1.13 A Choice of Enemies by Judy Colquhoun
Summary: Adrian Bailey, the hippie-type son of successful (read: rich) businessman Rex Bailey, is travelling the Outback on a bicycle. He eats some red berries, and lands himself in hospital, from which he soon checks himself out and heads off again, despite being urged not to. A journalist (a friend of Chris's) is in the area, interviewing George Baxter, a couple of sheep station owners and the doctors. The farmers are on the verge of needing to sell up because of the economic climate. Adrian falls down a slope, and because his battery wasn't charged up whilst in town (it was nearly flat to begin with), his call isn't picked up. When he's found, Tom has to decide whether to save the reckless rich boy or a 7-year-old boy with severe burns. Tom saves the boy and Adrian dies. The journalist writes a negatively slanted article, prompting an angry Rex Bailey to show up. Sharon tells him she would have done the same, because Adrian chose to be where he was, and he had been warned not to go out there. Bailey relents.
Recurring characters: George, Chris, Joe, Tom, Gibbo, Sharon, Kate, Emma, Frank, Ingrid, Vic, Nancy, Jack, Ron.
Going on a very long bicycle ride can be a good thing. However, going on a long bicycle ride through the Australian Outback sounds like a stupid idea. I don't understand why Adrian didn't sort out the battery before heading off, even if he wanted to check himself out of the hospital. He knew the battery was low, and yet he decides to head off anyway. If anyone wants to say "I told you so", it would have been perfectly valid.
One of the things I like about this show is that it doesn't romanticise Outback living. Okay, we probably get a rose-tinted view of it most of the time, but here we get the harsh reality of the economic hardship you might endure when running a station. There might not always be a big wig Baxter type who can bail you out - or in this case, mortgage the property - and there's certainly no guarantee that you life's work will be a lasting legacy for your family.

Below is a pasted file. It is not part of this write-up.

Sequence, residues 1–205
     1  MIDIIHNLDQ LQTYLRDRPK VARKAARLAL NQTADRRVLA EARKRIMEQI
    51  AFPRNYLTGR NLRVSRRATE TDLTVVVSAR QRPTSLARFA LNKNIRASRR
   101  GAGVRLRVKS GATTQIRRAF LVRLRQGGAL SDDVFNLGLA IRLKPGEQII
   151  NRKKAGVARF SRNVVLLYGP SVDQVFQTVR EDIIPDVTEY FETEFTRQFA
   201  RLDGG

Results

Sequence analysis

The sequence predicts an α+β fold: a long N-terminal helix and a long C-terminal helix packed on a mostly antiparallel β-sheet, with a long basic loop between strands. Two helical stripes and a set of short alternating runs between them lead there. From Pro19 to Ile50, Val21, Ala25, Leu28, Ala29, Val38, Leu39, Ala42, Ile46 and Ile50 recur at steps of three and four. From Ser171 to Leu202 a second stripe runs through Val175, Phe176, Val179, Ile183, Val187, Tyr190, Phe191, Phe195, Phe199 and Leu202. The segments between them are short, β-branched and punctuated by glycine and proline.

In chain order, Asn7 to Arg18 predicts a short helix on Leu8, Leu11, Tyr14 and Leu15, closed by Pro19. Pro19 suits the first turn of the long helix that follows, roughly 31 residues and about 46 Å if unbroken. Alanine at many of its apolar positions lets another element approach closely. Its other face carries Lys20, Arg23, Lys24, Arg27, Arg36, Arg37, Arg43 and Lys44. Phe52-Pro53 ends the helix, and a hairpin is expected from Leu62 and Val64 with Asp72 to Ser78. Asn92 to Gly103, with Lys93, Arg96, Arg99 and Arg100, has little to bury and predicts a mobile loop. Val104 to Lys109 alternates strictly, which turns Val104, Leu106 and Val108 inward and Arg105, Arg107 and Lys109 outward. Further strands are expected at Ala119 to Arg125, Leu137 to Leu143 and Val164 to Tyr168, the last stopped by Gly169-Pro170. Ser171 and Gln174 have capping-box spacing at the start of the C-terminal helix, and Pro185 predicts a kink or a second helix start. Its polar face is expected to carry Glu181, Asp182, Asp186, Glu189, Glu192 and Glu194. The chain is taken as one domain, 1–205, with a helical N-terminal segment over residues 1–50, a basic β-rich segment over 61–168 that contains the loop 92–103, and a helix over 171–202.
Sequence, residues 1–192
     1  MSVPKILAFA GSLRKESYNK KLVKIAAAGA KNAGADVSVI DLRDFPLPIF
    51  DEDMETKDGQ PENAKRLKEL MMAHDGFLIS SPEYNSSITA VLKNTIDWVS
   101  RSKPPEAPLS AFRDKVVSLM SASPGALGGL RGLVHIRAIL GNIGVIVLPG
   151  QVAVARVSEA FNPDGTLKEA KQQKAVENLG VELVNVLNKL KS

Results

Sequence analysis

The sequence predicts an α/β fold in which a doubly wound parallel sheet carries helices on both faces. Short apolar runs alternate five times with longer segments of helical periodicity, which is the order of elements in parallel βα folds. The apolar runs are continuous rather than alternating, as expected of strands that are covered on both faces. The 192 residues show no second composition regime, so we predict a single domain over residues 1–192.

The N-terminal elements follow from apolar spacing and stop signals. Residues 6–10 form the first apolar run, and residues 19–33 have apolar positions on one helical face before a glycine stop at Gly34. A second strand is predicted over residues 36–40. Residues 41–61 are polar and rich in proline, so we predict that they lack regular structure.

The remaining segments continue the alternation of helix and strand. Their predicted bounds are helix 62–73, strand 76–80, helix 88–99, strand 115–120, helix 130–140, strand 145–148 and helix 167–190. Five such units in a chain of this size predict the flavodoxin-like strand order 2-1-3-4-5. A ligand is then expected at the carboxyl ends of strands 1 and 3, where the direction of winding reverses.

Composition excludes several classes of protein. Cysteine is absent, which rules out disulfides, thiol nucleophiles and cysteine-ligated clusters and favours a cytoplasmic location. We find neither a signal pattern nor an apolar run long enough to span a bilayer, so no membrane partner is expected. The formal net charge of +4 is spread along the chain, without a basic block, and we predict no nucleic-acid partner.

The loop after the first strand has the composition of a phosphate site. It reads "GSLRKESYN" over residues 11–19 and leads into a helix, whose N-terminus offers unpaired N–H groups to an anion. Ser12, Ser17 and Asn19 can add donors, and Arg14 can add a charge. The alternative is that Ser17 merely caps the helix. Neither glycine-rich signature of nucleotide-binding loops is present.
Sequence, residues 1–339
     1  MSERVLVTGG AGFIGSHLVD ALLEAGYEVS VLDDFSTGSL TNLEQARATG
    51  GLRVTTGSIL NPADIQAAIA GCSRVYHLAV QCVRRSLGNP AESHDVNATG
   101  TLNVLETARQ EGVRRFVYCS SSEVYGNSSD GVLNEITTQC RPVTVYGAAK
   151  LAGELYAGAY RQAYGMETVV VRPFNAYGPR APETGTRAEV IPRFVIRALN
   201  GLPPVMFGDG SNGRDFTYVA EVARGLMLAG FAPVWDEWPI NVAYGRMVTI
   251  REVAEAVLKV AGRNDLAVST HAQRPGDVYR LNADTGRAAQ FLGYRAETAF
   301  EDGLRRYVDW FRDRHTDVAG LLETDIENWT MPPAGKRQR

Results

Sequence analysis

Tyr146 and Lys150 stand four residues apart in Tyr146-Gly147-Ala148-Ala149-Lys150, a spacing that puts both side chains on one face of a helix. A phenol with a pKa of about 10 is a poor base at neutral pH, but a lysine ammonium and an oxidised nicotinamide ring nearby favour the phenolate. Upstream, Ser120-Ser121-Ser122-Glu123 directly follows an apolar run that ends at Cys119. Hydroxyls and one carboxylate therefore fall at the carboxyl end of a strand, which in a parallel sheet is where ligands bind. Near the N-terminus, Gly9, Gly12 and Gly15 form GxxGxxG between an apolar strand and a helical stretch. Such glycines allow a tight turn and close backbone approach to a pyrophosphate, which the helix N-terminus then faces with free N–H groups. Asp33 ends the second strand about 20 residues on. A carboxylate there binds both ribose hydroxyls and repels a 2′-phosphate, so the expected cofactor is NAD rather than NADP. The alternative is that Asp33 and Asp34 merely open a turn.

There's also the moral dilemma of who to save when two lives are on the line and you can only get to one of them in time. Like Chris pointed out to the journalist, in no uncertain terms, the boy had trouble breathing and the nurse attending him had only qualified a month previous. It also goes to show how media doesn't necessarily tell the truth, but only tell half-truths (or less), whatever will make the biggest headline.
In this case, it's a problem because the RFDS isn't a publicly funded organisation, but rather one that relies on donations, if I've understood it correctly. If they get bad press, what are they to do? They're there to do a job, but doing a job requires money (sadly).
Good episode, lots of things to think about, even if the beginning was a little too hippie-like.